One down, three to go

  Four Western states could see big chunks of new wilderness -- roughly three-quarters of a million acres – thanks to a flurry of wilderness legislation. Three bills are now wending their way through Congress, and a fourth, designating the Washington State Wild Sky Wilderness, awaits President Bush’s expected signature.

Many Northwesterners are enthusiastic: Idaho may get its first new wilderness in nearly 30 years, and this would be Washington state’s first new wilderness area in two decades. Oregon’s effort, while small in acreage, has broad support. The Utah proposal, however, has drawn some opposition from environmental groups.

Sen. Patty Murray, D-Wash., primary sponsor of the Wild Sky Wilderness Bill, has guided it through the legislative process four times over the past nine years. The bill finally passed as part of a less-controversial package of public lands bills. Wild Sky designates 106,000 acres in the Cascade Mountains near Seattle as wilderness and calls for a plan to develop hiking trails. The bill bans motorized vehicles, but in the spirit of compromise, the boundary was drawn to ensure that 4,000 acres just outside the wilderness area can still be used by off-road vehicle enthusiasts.

In western Oregon, a bill just passed by the House would encompass about 13,700 acres of new coastal wilderness and designate 11 miles of the Elk River as wild and scenic. The Elk River shelters runs of salmon, steelhead and trout.

The Owyhee Public Land Management Act of 2008 would designate 517,000 acres as wilderness and 315 miles of rivers as wild and scenic in southwestern Idaho. Sen. Mike Crapo, R-Idaho, is sponsoring the bill, which made it smoothly through its first major Senate committee hearing last week.

The bill grew out of an effort launched seven years ago by the Owyhee County Commissioners to resolve public-lands issues, says Craig Gehrke, Idaho representative for The Wilderness Society. President Clinton spoke of the need for an Owyhee National Monument, but did not include it in his final monument designations. Protection for the Owyhee seemed inevitable, Gehrke says, so the county commissioners figured, “Why not do it ourselves?”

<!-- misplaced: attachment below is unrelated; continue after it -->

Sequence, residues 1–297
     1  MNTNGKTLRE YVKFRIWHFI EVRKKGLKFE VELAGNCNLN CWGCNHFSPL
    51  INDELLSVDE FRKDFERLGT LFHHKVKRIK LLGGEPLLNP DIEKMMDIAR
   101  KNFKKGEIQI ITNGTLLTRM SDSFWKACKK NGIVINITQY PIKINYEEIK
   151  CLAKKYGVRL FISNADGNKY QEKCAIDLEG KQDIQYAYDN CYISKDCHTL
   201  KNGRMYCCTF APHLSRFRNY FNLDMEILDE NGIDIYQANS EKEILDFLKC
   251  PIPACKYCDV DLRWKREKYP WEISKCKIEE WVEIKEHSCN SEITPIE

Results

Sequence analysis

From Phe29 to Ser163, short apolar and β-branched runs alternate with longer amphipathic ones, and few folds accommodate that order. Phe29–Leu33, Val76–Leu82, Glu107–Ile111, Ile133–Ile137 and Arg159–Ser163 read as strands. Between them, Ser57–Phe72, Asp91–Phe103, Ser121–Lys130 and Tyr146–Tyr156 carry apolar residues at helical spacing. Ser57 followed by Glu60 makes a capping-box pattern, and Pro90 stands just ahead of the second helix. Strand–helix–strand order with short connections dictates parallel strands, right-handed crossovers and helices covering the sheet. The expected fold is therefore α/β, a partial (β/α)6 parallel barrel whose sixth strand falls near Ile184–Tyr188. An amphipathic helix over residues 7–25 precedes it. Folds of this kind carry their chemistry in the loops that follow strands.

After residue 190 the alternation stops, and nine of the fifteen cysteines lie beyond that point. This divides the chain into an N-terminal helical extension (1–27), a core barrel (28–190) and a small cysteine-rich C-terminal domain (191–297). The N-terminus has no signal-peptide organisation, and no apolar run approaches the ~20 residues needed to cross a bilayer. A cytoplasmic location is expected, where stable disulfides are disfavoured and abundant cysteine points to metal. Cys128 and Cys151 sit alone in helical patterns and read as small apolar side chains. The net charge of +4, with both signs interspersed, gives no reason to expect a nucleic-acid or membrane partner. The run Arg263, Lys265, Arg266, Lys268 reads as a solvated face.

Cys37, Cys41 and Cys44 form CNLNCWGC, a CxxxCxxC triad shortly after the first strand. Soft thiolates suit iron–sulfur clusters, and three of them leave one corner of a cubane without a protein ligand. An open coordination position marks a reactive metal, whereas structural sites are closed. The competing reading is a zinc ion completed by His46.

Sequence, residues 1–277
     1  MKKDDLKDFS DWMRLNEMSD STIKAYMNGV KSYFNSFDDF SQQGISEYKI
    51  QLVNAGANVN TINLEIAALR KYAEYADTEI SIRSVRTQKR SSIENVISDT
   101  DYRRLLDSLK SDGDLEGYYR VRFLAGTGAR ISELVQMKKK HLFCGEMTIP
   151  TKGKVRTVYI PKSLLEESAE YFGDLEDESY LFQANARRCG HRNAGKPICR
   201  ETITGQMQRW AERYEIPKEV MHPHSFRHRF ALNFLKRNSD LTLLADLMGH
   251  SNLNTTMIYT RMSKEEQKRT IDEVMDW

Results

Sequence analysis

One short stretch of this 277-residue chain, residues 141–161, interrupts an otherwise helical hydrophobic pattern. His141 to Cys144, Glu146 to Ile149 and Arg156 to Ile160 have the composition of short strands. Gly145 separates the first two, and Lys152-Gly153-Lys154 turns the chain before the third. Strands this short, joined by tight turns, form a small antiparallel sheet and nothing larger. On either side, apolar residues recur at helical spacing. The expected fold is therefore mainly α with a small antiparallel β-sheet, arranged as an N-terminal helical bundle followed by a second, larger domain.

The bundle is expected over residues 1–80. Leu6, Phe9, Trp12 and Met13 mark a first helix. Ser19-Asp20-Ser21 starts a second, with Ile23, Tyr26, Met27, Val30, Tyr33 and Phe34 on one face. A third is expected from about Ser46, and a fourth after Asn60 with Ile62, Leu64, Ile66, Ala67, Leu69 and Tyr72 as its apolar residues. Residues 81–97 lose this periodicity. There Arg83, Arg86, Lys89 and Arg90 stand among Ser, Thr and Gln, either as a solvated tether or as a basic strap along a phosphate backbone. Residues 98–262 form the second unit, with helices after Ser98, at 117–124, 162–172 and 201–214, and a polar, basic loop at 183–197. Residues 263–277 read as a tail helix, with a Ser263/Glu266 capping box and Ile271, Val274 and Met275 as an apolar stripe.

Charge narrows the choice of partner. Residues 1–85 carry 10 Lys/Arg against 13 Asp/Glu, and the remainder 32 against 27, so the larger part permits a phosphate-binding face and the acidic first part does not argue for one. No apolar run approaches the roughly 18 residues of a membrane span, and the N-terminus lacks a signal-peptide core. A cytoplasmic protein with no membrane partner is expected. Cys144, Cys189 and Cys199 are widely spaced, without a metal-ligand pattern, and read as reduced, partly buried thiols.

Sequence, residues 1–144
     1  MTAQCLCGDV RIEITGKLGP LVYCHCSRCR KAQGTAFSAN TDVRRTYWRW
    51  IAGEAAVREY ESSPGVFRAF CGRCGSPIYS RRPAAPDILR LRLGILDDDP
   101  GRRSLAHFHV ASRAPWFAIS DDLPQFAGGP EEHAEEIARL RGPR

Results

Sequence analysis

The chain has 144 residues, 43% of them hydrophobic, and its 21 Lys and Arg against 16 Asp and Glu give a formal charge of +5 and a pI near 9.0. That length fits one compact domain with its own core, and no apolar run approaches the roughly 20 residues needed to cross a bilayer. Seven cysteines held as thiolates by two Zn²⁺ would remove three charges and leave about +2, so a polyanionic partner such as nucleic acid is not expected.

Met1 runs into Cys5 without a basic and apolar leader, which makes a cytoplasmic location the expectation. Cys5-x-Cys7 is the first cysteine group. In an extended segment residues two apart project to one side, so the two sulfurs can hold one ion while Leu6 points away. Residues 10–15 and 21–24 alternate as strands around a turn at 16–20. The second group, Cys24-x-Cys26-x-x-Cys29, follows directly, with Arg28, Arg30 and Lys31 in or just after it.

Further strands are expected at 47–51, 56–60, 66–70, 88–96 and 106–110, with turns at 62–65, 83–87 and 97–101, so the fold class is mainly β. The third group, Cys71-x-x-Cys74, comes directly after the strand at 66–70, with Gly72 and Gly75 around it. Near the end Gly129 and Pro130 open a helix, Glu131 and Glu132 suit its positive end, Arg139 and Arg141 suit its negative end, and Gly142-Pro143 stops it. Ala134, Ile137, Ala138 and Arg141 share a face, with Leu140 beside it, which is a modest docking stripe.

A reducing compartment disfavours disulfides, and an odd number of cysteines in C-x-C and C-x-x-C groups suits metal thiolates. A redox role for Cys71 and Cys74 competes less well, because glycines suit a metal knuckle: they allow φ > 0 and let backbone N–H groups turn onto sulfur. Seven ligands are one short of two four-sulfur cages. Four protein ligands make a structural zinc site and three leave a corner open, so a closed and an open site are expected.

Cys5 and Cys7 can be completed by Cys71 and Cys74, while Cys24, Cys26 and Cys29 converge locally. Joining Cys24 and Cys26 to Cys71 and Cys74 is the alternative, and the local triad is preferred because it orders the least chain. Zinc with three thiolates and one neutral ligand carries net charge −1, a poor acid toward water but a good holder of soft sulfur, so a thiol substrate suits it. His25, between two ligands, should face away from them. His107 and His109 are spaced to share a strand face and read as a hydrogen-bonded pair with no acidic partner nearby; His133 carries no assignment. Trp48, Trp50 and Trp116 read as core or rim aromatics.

The Owyhee County commissioners collaborated with environmental, conservation, ranching and outdoor recreation groups, including the Idaho Conservation Society, the Sierra Club, The Nature Conservancy, the Idaho Outfitters and Guides Association and the Owyhee Cattlemen’s Association. The effort involved a lot of compromise, says John Robison of the Idaho Conservation League, but as a result, “There are more people happy here than unhappy.” One of the bill’s provisions releases nearly 200,000 acres of wilderness study areas back to multiple-use management, which pleases off-road enthusiasts and other outdoor recreationists. Ranchers also get something from the bill. They can sell or trade inholdings within proposed wilderness areas for public lands closer to their home cattle operations or other private lands.

But in Utah, the Washington County Growth and Conservation Act hasn’t enjoyed the same level of support. Last week, Sen. Bob Bennett, R-Utah, one of the bill’s sponsors, introduced the latest version of the bill (it died in committee in 2006). The revised bill is backed by some environmental and conservation groups, but not all. It would designate about 264,000 acres of wilderness – 124,000 in Zion National Park and 140,000 in other areas, along with 166 miles of wild and scenic rivers. Other changes from the 2006 version include the removal of utility-corridor designations, including the Lake Powell pipeline, and the development of a comprehensive travel plan, including the High Desert OHV Trail, a nod to off-roaders.

“We’re not happy about the bill,” says Scott Groene, executive director of the Southern Utah Wilderness Alliance. “There are positive things in here for the park (Zion), but as it stands, it would not benefit wilderness.” Groene is worried about the increased ORV trails included in the bill’s transportation plan. He’s also concerned about how the money from public-land sales would be divvied up under the bill.

The bill limits BLM land sales to just over 9,000 acres. Money from those sales would be divided as follows: 5 percent to schools, 10 percent to Washington County, and 85 percent to local conservation efforts. Groene fears that the money might end up in the hands of private entities, like land developers. But Dave Livermore, Utah state director of The Nature Conservancy, which supports the bill, says that the funds from land sales are earmarked for conservation efforts and will stay local.

The Senate is considering its own version of Oregon’s Copper Salmon wilderness proposal. The Owyhee bill could pass later this year, given the warm reception in its first hearing, its bipartisan support, and a Democratic Congress. The Washington County bill awaits its first hearing.

The author is an intern for High Country News.
Anonymous
May 05, 2008 11:55 AM

As usual the Nature Conservancy is in cahoots with developers and on the wrong side of the debate regarding wildereness in Utah.

Anonymous
May 07, 2008 10:38 AM

as is typical, SUWA would rather file lawsuits than actually protect some lands as wilderness.